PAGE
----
weathergram with graphics 19 Aug 2012



Issued 19 August 2012

Bob McDavitt’s ideas for sailing around the South Pacific.

Disclaimer: Weather is a mix of pattern and chaos; these ideas are from the patterned world of weather maps, so please fine-tune to your place. Dates are in UTC unless otherwise stated.

The Ocean:  Seas surface temperature anomalies around the Galapagos are now relaxing back towards normal,  but warmer-than-normal sea are shifting westwards into the central pacific,  indicating we are on the verge of a new El Nino episode, but we are NOT there yet.

The Atmosphere: The Southern Oscillation Index or SOI is now dipping quickly. Its 30-day running mean rose during July from -1.21 to +0.27 and dropped to -0.65 by 12th August and -1.08 by 18 August. So the atmosphere is now tending towards El Nino, following the Ocean.

Tropical cyclones:  In the NW Pacific we have TEMBIN heading for Taiwan, but it looks mediocre compared with HAIKUI a few weeks ago.

In the Atlantic we have GORDON with an eye near 35N and hurricane winds over Azores.  This system is breaking a few of the rules but it is likely to fade after Tues 21 Aug west of Portugal.

In the South Pacific, the Convergence Zone SPCZ continues to be fairly quiet. There has been a weak CZ over the eastern Coral Sea occasionally affecting Vanuatu and New Caledonia.  This looks to be reforming over Solomons this week.

Another convergence zone CZ has been lingering between 3 and 10South from 170E to 160W and then tapering off to the SE well east of French Polynesia FP- unusually north and east of normal for the SPCZ even for El Nino conditions.  Some welcome rain for Kiribati.  This is making another good week for sailing from Tahiti to Tonga without being bothered by the SPCZ.  However the trade winds on route may be fresh to strong around 15S on Monday and Tuesday 20nd 21 Aug, and again around FP on wed/Thu 29/30 Aug. There seems to be a link between El Nino and strong trade winds.


The STR is sticking to its northern latitude position along 20 to 30S cross much of the South Pacific.

Even the High centre near 45S 140W tonight is moving north-eastwards towards more tropical latitudes so that isobar patterns are approaching climatology in both western and eastern parts of the South Pacific.

GFS computer model at 0000UTC  Wed 22 Aug . Isobars at 2hPa intervals, Significant swell height at i metre intervals. Symbols are in the  text.

A High is expected to move along 47S to south of Tasmania on Monday 20 Aug and cross the South Tasman on Tie 21 Aug and South Island on Wed 22 Aug and then move along 45S to 160W by Sat 25 August.  The accompanying high marking the STR should move along 30S into N Tasman Sea on Mon20 Aug and then crawl towards North Island and fade there by Thursday 23 Aug.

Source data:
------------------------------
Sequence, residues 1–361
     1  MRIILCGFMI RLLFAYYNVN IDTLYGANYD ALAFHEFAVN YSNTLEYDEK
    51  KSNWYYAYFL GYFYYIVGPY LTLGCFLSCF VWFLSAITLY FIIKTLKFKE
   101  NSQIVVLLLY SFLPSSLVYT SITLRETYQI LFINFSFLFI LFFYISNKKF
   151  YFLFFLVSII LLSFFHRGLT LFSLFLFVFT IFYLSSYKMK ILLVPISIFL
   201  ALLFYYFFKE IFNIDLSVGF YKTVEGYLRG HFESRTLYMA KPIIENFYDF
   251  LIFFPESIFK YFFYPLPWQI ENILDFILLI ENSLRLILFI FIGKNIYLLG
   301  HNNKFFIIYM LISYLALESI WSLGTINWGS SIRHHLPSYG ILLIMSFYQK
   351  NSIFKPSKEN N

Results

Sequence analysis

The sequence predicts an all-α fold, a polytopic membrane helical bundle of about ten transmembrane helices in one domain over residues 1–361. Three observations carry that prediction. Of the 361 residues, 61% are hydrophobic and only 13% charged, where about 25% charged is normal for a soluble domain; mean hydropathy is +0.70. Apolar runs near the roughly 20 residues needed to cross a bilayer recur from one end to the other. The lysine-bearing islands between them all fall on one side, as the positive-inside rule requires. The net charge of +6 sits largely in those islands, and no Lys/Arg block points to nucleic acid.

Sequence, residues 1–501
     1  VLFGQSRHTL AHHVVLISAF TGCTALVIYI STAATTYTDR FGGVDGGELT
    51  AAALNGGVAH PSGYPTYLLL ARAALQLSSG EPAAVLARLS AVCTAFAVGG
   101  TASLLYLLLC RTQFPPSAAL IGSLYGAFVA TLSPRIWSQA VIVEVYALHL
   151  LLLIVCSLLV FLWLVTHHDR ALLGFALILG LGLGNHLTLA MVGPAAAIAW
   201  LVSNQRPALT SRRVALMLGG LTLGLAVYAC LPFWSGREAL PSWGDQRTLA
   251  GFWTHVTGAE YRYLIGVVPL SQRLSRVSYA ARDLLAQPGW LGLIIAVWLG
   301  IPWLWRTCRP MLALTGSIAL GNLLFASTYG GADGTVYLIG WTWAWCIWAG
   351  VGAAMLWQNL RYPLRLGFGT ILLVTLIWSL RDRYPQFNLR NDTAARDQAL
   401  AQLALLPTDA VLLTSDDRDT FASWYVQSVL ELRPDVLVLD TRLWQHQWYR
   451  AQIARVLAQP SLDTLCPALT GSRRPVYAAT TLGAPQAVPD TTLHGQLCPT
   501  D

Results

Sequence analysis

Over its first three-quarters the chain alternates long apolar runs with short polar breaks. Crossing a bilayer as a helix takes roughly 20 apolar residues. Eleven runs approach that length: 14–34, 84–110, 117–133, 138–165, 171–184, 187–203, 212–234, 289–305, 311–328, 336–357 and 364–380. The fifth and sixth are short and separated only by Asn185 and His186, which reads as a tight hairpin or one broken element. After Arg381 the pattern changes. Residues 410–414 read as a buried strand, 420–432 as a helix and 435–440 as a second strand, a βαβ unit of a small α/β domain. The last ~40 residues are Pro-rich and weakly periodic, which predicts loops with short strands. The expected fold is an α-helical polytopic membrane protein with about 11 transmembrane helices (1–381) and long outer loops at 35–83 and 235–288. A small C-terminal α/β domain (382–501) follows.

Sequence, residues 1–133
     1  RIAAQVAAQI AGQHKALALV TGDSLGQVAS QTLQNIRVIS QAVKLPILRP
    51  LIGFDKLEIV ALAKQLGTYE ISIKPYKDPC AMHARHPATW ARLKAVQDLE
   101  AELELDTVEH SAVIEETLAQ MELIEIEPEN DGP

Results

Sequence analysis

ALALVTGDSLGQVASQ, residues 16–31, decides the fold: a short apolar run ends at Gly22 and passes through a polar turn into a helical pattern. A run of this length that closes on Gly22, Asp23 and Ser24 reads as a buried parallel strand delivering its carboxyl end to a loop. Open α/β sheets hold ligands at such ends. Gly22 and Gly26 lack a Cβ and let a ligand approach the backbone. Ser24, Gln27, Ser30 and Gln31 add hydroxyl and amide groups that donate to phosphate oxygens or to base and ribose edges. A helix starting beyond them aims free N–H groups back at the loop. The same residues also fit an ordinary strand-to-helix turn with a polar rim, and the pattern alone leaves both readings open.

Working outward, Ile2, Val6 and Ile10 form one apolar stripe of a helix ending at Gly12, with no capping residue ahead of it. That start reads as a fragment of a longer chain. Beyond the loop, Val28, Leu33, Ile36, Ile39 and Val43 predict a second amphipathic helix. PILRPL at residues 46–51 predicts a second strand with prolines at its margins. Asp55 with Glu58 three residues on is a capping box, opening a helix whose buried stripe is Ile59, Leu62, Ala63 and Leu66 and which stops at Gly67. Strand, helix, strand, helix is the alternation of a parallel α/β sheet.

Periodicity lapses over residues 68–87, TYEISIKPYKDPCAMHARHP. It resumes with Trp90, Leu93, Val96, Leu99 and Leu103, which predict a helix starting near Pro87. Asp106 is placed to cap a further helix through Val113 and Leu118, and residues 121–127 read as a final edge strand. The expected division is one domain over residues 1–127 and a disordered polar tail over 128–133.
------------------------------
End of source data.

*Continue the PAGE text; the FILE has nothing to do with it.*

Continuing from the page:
Another High marking the STR should move along 30S into the North Tasman Sea on Sat/Sun 25/26 Aug.

NZ/Tasman Sea

South of the SR we have the roaring 40s plus some more in what has been a series of Tasman Lows all during August.  There is one crossing central NZ tonight and going steady eastwards, but leaving a trough in its wake.  Its upper trough should cross North Island on Monday evening.   This should mark the end of the series: The next Low is likely to fade in the Tasman Sea on Sat and Sun 25 and 26 Aug.

Traveling towards New Zealand this week:

If you can time it, then aim to arrive in NZ on late Thursday, during Friday, or early Saturday (before next weekend’s trough arrives).


Anyone with internet access can see some of my talk as guest speaker last Monday to Cruising and Navigation Association of NZ’S Annual dinner:

1. Barcelona:

2. America’s Cup:

3. The winning formula:

4.  El Nino/La Nina:

5. Spring Outlook:

6. Questions:

Also here is a link to a letter to NATURE magazine about how climate change is making the SPCZ more erratic:

Note that Raro Met man Arona Ngari is one of the co-authors (well done– pity the yachties can’t get to Rarotonga this year because of harbour reclamation).

Here, from

is a satellite photo of the volcanic eruption around 85 miles SW of Curtis Island in the Kermadecs on July 17/18; this was the origin of the rafts of pumice between Tonga and NZ during last few weeks.  The volcano has since gone quiet.


Here is a photo of the WAKA that departed Auckland on Friday heading for Easter Island,  as last leg of Hector Busby’s mission (


See my yotpak at for terms used.

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